S. Matthew Weinberg, an assistant professor of computer science, is a recipient of a 2020 Sloan Research Fellowship, one of the most prestigious and competitive early-career awards for research.

Weinberg, joined the computer science faculty in 2017. An expert in algorithmic mechanism design, algorithmic game theory and algorithms under uncertainty, Weinberg received his B.A. from Cornell University and Ph.D. from the Massachusetts Institute of Technology. He received the 2019 Phi Beta Kappa award for excellence in undergraduate teaching.

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One of Weinberg’s research projects involves combating attempts to skew the results of algorithms that control decisions including advertising, cloud computing and healthcare. Weinberg’s research uses tools from economics, specifically Game Theory, to devise ways to prevent sophisticated users from manipulating inputs to algorithms in order to control the output. For example, a user who was able to control inputs into algorithms that recommend medical treatments or payments could nudge the algorithm into giving them a financial advantage.

Weinberg is one of three Princeton faculty members to receive the fellowship this year; the others are Aleksandr Logunov, an assistant professor of mathematics, and Owen Zidar, an associate professor of economics and public affairs. Sloan Research Fellowships are often seen as a marker of the quality of an institution’s science faculty and proof of an institution’s success in attracting the most promising junior researchers to its ranks. At Princeton University, 229 faculty members have received a Sloan Research Fellowship since the award was created in 1955.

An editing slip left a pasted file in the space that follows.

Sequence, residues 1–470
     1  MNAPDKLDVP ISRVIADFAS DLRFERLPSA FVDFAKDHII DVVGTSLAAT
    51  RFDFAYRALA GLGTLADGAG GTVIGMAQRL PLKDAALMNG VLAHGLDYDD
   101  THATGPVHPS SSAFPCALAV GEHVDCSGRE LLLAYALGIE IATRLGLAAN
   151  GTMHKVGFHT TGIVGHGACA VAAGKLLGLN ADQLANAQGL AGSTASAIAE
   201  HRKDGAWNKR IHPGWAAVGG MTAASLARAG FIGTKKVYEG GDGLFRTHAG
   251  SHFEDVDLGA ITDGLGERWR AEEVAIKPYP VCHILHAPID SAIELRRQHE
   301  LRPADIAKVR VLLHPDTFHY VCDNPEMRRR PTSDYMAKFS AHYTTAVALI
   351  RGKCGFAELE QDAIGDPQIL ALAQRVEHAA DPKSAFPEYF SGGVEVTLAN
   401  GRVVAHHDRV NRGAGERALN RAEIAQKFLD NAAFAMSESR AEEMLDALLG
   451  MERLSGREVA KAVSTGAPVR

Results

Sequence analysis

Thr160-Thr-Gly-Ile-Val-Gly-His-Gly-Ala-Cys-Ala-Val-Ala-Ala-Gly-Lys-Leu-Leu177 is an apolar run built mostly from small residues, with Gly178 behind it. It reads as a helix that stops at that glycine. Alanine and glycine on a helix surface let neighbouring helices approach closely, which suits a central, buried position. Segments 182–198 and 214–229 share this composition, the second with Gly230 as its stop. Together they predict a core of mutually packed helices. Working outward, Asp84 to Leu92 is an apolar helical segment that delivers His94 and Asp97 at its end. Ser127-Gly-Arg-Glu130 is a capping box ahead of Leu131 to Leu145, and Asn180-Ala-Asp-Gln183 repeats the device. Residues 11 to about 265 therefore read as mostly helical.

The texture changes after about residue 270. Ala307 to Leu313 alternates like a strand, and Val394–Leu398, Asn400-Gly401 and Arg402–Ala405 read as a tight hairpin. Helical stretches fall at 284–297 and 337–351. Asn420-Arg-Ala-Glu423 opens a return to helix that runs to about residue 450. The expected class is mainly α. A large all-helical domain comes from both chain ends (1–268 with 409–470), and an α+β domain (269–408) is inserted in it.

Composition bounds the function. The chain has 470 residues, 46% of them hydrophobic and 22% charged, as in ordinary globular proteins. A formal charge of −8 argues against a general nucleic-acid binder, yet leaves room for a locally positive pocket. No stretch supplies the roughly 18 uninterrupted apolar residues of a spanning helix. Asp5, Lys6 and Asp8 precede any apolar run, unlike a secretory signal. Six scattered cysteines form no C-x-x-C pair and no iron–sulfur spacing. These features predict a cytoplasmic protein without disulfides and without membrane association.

The fellowships, awarded annually by the Alfred P. Sloan Foundation, are available to scholars in chemistry, computer science, economics, mathematics, computational and evolutionary molecular biology, neuroscience, ocean sciences, and physics. Candidates must be nominated by their fellow scientists, and winning fellows are selected by an independent panel of senior scholars in their field on the basis of the nominee’s research accomplishments, creativity and potential to become a leader in the field.


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    Computer Science